John Bethel Camp

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John Bethel Camp (1885–1936) was an American author and philologist. He was a scholar of Ancient Greek and Latin, executing an English translation of Hesiod's Works and Days in 1912, when he was only 27 years old. Camp also wrote the satirical novels Tom Tinkerson (1923) and Macherus (1926).

Camp was born in Charlottesville, Virginia, into a well-respected family; his father was a professor of ancient history at the University of Virginia. He attended Yale from 1904 to 1907, and contributed several short pieces to the Yale Literary Magazine while the same magazine was under the editorship of a young Sinclair Lewis. At the same time, Camp translated several Greek works, including the Works and Days and several of the minor plays of Aeschylus.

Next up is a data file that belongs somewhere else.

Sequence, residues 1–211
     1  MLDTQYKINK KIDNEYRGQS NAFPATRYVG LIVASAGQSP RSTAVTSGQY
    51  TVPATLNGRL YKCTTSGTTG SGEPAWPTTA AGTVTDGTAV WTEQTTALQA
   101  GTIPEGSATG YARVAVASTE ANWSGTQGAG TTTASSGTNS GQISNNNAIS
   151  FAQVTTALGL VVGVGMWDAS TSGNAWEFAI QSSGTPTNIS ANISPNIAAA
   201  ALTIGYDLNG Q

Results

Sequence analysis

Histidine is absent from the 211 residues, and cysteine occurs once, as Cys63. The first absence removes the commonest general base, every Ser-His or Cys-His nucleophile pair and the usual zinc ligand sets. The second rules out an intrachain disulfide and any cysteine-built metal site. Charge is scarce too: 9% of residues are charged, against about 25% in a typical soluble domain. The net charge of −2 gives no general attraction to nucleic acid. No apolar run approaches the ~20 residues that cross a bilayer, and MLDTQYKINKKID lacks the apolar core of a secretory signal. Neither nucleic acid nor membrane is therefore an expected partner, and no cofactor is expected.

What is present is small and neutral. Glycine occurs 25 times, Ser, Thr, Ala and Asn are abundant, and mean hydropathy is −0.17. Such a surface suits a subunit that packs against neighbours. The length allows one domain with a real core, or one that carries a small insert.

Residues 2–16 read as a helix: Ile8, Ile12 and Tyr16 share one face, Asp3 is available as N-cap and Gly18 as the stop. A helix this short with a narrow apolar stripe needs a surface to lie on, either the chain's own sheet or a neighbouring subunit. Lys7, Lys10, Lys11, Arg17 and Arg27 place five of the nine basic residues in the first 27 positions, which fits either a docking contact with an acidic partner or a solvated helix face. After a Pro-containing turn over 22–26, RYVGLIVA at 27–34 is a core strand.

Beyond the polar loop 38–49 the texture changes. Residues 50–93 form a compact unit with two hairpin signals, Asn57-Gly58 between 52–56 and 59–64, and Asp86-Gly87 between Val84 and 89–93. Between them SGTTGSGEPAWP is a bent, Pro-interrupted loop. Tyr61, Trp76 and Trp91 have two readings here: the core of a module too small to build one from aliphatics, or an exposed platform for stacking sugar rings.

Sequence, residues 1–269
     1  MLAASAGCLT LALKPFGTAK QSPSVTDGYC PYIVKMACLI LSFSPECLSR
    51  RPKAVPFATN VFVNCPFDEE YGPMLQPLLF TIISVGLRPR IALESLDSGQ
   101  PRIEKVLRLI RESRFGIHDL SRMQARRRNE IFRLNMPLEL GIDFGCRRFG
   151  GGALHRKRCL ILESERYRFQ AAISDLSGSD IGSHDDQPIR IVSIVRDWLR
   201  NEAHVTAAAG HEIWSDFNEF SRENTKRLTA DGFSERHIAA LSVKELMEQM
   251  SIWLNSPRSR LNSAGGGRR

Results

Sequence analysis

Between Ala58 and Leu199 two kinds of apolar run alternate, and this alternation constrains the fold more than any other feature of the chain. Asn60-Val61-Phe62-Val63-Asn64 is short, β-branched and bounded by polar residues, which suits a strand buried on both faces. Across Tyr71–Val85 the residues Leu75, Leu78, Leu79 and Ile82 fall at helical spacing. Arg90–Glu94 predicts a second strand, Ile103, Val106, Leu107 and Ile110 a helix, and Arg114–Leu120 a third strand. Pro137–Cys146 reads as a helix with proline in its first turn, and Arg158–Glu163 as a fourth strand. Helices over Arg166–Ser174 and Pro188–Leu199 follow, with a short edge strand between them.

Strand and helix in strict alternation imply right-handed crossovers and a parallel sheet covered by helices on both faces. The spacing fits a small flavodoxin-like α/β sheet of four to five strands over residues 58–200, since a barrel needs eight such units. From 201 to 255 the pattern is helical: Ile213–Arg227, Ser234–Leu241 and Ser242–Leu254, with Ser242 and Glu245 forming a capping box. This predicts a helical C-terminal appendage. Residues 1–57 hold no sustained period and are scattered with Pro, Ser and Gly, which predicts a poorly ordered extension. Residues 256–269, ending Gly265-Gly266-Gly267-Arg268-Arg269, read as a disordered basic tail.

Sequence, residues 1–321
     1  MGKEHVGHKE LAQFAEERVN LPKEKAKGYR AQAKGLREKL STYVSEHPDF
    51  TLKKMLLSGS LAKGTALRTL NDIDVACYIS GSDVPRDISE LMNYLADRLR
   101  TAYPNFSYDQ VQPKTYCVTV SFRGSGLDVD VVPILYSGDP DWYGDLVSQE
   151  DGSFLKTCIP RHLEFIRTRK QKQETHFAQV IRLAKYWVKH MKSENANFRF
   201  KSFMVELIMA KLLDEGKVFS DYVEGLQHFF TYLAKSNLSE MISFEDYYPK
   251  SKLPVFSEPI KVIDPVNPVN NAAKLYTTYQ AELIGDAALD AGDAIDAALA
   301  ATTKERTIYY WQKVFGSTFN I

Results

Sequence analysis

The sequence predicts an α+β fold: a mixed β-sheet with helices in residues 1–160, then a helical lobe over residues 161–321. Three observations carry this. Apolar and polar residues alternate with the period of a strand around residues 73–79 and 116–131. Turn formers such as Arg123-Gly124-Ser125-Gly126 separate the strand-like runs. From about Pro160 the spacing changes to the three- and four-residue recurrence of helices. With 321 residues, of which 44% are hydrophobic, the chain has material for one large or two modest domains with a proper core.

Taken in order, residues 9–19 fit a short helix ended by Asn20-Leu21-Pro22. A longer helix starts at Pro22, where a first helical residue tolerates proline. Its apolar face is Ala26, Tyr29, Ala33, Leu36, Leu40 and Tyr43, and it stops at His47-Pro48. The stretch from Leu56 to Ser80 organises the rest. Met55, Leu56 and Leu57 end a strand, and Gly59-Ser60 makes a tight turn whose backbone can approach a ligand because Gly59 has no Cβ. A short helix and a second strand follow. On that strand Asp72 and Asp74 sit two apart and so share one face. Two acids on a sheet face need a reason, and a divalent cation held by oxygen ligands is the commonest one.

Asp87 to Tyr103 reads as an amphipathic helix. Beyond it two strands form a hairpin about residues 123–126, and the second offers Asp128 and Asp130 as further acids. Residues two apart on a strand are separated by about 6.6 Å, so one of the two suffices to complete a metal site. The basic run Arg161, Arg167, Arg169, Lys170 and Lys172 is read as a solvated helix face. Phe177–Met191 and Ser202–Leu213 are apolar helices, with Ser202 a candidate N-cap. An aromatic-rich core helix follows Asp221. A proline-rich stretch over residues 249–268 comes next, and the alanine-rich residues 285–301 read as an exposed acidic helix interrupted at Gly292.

Camp married in 1911, but his young wife was taken by the influenza epidemic of 1918. Camp was at the time an occasional contributor of fantastical stories to Collier's Weekly, but after his wife's death he became more reclusive and cultivated a quiet cynicism. It was around this time that Camp wrote his satires Tom Tinkerson and Macherus. By the time the latter was published, Camp's health was already failing, and he published only a few more critical essays before his death in 1936 at the age of 51.

John Bethel Camp was buried in Charlottesville's Riverview Cemetery.